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    New Guidelines Debunk 'Economy Class Syndrome'

    Risk of Blood Clots Low for Most Air Travelers
    WebMD Health News
    Reviewed by Laura J. Martin, MD

    Feb. 7, 2012 -- New guidelines debunk evidence to support the existence of an “economy class syndrome” -- the idea that passengers in the cheaper seats with the least leg room have an elevated risk for developing deep-vein blood clots.

    Likewise, the guideline committee concluded that there is “no definitive evidence” to support the notion that dehydration or drinking alcohol increase blood clot risk.

    Most healthy airline passengers have a very low risk for developing life-threatening blood clots during long flights, but oral contraceptive use, advanced age, and sitting in a window seat (where passengers are less likely to get out of their seat and move) all raise the risk somewhat, according to the American College of Chest Physicians (ACCP).

    Blood Clot Risk Low, Group Finds

    The flight travel guidelines were included in the updated ACCP recommendations for preventing and treating deep vein thrombosis (DVT), potentially serious blood clots that can lead to potentially fatal blockages in the lungs.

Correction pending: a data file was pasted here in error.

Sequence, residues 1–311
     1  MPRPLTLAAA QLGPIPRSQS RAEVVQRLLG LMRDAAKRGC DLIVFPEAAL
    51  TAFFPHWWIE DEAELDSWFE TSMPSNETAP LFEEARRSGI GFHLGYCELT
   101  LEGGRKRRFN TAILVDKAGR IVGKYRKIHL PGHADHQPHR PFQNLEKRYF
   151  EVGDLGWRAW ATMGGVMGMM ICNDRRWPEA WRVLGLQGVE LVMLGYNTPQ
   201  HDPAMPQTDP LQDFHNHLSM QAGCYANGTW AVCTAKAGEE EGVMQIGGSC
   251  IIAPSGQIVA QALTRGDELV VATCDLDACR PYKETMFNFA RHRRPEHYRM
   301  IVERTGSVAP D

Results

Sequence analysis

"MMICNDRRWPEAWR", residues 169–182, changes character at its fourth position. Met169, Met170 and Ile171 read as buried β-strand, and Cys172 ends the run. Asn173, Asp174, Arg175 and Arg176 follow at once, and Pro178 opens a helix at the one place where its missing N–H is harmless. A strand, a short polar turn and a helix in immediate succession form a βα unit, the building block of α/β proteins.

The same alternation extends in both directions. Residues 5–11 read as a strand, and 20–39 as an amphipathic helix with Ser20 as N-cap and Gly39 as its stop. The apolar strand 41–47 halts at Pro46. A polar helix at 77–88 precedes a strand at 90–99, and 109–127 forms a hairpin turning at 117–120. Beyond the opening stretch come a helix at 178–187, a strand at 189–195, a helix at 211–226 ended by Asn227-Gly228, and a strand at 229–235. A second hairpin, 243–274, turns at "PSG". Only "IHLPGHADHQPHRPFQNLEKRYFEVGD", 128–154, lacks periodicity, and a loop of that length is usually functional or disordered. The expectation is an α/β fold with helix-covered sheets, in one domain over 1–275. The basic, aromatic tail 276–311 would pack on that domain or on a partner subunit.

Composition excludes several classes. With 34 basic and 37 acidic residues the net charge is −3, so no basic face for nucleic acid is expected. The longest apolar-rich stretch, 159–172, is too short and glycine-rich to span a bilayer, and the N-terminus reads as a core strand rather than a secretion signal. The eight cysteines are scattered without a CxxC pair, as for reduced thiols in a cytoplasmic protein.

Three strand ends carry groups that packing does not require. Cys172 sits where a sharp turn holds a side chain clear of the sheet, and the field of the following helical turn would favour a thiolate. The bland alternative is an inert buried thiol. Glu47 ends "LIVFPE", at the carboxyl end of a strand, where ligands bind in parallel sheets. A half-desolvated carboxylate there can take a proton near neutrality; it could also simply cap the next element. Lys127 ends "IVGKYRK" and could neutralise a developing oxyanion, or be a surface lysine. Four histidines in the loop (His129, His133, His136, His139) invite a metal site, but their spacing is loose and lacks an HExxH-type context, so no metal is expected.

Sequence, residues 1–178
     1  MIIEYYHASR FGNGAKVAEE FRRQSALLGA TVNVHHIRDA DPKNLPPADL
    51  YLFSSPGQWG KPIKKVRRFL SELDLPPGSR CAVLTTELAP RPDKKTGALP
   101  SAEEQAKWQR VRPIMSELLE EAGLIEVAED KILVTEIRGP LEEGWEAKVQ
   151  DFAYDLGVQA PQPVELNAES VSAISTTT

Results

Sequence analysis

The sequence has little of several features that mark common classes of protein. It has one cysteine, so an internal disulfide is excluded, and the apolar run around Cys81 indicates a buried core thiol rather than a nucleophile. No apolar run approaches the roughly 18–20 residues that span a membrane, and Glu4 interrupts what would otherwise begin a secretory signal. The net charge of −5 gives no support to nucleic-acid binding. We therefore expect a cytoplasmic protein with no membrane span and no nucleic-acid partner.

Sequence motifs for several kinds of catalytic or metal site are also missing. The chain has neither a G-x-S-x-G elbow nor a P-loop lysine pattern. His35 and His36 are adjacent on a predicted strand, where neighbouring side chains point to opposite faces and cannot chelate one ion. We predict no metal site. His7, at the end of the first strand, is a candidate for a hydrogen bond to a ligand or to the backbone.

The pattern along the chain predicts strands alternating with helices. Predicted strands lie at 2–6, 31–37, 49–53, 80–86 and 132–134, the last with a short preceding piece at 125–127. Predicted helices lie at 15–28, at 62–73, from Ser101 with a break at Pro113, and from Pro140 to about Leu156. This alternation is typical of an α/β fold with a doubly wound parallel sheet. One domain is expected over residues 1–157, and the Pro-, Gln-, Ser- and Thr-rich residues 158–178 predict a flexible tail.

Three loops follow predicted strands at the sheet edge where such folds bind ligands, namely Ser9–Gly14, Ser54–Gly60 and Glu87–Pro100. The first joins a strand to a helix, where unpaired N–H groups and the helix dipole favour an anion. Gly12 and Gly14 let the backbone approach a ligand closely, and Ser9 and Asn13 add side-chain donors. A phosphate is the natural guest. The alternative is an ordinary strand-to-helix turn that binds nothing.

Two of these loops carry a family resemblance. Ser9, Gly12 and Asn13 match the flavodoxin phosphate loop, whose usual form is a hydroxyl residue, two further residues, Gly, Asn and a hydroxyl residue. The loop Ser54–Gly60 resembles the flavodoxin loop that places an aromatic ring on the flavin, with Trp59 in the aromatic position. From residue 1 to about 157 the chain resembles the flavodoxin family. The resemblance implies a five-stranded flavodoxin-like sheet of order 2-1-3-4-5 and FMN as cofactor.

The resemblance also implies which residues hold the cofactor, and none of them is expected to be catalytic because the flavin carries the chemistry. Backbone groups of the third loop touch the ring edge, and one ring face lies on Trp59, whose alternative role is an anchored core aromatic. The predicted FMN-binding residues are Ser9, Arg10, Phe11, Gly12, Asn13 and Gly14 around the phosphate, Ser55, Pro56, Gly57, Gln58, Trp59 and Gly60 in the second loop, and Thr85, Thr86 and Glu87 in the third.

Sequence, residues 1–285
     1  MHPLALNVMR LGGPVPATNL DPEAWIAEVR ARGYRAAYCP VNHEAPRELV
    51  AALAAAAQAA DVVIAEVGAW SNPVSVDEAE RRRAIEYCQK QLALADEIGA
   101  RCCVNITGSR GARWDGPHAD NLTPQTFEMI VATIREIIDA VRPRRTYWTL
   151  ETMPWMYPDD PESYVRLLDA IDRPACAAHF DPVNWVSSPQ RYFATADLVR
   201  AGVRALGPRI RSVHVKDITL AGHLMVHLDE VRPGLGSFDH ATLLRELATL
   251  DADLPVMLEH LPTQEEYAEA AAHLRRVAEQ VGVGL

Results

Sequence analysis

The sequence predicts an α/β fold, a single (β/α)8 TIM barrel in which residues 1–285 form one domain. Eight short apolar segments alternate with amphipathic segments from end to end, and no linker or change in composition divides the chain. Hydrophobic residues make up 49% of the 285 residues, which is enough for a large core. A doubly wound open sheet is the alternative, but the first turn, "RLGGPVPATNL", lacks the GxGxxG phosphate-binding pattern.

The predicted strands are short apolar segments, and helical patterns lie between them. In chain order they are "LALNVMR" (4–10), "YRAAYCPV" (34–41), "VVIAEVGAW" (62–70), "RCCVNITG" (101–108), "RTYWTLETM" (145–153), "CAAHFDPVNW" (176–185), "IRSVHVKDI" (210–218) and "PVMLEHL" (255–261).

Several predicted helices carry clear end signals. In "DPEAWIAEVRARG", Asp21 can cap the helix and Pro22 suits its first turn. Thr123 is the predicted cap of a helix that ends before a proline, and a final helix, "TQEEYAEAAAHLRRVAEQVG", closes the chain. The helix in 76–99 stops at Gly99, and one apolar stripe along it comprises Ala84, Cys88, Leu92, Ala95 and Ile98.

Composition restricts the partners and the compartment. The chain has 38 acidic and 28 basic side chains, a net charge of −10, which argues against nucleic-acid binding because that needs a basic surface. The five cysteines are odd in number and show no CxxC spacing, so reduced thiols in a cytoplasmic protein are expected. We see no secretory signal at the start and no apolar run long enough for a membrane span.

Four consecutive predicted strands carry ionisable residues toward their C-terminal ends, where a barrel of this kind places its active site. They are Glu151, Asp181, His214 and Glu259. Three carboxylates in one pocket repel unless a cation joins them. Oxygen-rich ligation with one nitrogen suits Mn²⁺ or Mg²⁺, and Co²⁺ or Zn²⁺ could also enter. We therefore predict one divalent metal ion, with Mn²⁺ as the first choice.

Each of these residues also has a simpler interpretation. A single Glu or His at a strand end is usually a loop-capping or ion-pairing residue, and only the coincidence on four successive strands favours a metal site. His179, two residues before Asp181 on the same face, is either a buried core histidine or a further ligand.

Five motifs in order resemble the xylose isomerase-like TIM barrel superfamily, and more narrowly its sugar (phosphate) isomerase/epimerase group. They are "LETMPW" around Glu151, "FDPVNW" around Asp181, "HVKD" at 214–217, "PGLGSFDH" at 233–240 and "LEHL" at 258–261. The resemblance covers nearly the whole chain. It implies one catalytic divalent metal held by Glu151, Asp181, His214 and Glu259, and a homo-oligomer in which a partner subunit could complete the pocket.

“Traveling in economy class does not increase your risk for developing a blood clot, even during long distance travel; however, remaining immobile for long periods of time will,” says researcher Mark Crowther, MD, of McMaster University in Ontario, Canada.

    In other words, there is nothing inherently risky about sitting in a cramped tourist-class seat if you stretch your legs or get up and move around occasionally.

    Frequent movement and stretching the calf muscles is recommended for air travelers with an increased risk for DVT on flights of more than six hours’ duration, as well as sitting in an aisle seat, if possible, to make it easier to move around.

    At-risk passengers should also consider wearing below-the-knee compression stockings, but the stockings are not recommended for people without DVT risk factors.

    Those risk factors include:

    • Having a history of blood clots or having cancer
    • Having a known thrombophilic disorder -- a medical disorder that predisposes you to forming blood clots
    • Undergoing a recent surgery
    • Use of oral contraceptives or other estrogen treatments
    • Pregnancy
    • Obesity
    • Sitting in a window seat if this prevents getting up and moving around

    “Most people really don’t need to worry too much about this complication,” Crowther tells WebMD. “Blood clots after airline travel are extremely rare, even in people with these risk factors.”

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